The flash of lightning and the dance of auroras contain a fourth state of matter known as plasma, which researchers have harnessed to produce a gas that may activate plant immunity against wide-spread diseases.
The team, based at Tohoku University in Japan, published their findings recently in PLOS One.
"Currently, chemical pesticides are the mainstay of disease control in agriculture, but they can contaminate the soil and harm the ecosystem," said paper author Sugihiro Ando, associate professor in the Graduate School of Agricultural Science at Tohoku University. "We need to develop plant disease control technologies that can help establish a sustainable agricultural system. The use of plant immunity is one of the most effective disease control methods because it utilizes the innate resistance of plants and has a low environmental impact."
Using their previously developed device that derives plasma from the air, the researchers produced dinitrogen pentoxide, a reactive nitrogen species (RNS). This molecule is related to reactive oxygen species (ROS), in that both damage cells and trigger specific stress responses in organisms.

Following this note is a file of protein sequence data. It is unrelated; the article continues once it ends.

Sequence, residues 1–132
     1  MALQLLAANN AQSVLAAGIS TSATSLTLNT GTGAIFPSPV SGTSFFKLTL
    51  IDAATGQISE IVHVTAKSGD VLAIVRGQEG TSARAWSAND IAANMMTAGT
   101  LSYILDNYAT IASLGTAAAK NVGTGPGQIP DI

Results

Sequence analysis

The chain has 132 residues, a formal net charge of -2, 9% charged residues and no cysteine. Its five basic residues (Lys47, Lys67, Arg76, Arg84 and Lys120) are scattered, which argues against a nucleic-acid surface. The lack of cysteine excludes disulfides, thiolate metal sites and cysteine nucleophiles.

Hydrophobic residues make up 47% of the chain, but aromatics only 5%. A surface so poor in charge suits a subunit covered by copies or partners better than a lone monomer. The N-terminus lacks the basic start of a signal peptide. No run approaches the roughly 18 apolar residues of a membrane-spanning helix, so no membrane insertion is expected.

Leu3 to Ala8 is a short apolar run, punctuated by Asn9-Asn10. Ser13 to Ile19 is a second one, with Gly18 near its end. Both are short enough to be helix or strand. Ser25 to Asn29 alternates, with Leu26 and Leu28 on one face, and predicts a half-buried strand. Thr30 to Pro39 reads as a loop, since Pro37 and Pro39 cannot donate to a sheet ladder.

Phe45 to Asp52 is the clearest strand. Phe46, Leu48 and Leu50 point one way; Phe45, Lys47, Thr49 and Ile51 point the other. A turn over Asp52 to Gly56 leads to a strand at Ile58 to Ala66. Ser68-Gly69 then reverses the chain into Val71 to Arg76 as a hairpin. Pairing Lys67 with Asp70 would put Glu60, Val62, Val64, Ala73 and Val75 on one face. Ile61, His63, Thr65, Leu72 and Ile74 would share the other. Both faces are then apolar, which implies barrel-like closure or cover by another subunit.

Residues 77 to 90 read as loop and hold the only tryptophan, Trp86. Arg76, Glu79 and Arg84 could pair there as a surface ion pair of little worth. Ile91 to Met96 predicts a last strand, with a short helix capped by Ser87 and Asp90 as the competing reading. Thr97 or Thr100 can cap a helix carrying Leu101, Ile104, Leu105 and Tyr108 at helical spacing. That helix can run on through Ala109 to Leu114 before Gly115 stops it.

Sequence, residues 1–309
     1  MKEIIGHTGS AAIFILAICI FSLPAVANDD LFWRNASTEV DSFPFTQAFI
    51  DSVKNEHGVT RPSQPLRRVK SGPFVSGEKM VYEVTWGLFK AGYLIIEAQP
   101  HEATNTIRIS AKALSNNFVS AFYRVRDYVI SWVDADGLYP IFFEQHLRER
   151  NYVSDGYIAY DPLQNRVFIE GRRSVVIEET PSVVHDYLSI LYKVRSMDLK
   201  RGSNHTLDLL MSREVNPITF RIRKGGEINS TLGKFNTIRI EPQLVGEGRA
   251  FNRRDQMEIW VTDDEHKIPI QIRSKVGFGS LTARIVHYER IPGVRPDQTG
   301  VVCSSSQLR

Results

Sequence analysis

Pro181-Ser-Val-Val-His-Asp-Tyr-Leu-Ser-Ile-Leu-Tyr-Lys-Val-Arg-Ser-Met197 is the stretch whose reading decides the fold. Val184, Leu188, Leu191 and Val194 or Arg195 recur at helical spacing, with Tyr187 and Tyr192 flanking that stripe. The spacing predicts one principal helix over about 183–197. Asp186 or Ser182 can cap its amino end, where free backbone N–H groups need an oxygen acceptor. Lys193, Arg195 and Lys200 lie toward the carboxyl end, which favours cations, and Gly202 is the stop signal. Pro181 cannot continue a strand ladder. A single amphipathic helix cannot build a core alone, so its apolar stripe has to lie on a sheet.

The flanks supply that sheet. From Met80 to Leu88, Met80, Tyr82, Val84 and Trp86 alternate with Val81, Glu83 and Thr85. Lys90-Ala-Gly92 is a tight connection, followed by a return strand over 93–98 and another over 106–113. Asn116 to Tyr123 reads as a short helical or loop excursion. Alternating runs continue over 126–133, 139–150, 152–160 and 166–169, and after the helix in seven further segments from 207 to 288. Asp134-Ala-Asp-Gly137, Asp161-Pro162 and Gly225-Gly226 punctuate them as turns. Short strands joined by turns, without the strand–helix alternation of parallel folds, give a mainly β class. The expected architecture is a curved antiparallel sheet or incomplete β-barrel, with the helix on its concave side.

A genetic analysis revealed that the gas specifically activated the jasmonic acid and ethylene signaling pathways and appeared to lead to the synthesis of antimicrobial molecules, which Ando said may have contributed to the observed disease resistance. "Dinitrogen pentoxide gas can be used to activate plant immunity and control plant diseases," Ando said. "Through plasma technology, the gas can be produced from air and electricity, without special materials. The gas can also be converted to nitric acid, when dissolved in water, and used as a fertilizer for plants. This technology can contribute to the construction of a sustainable agricultural system as a clean technology with minimal environmental impact."
Next, the researchers plan to study how their technology works with crops and in greenhouse cultivation.
(Source: Agriculture and Food News, ScienceDaily.